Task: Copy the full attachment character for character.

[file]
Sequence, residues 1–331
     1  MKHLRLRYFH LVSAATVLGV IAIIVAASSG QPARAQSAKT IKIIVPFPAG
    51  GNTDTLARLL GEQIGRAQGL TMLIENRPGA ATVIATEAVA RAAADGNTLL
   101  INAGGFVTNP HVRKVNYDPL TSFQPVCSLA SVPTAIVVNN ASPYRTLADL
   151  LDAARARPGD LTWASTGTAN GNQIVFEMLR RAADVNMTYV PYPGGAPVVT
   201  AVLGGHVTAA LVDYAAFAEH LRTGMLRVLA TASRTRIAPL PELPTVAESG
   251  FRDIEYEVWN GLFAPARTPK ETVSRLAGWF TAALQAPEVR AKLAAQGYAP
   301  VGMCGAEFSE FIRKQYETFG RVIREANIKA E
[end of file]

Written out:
Sequence, residues 1–331
     1  MKHLRLRYFH LVSAATVLGV IAIIVAASSG QPARAQSAKT IKIIVPFPAG
    51  GNTDTLARLL GEQIGRAQGL TMLIENRPGA ATVIATEAVA RAAADGNTLL
   101  INAGGFVTNP HVRKVNYDPL TSFQPVCSLA SVPTAIVVNN ASPYRTLADL
   151  LDAARARPGD LTWASTGTAN GNQIVFEMLR RAADVNMTYV PYPGGAPVVT
   201  AVLGGHVTAA LVDYAAFAEH LRTGMLRVLA TASRTRIAPL PELPTVAESG
   251  FRDIEYEVWN GLFAPARTPK ETVSRLAGWF TAALQAPEVR AKLAAQGYAP
   301  VGMCGAEFSE FIRKQYETFG RVIREANIKA E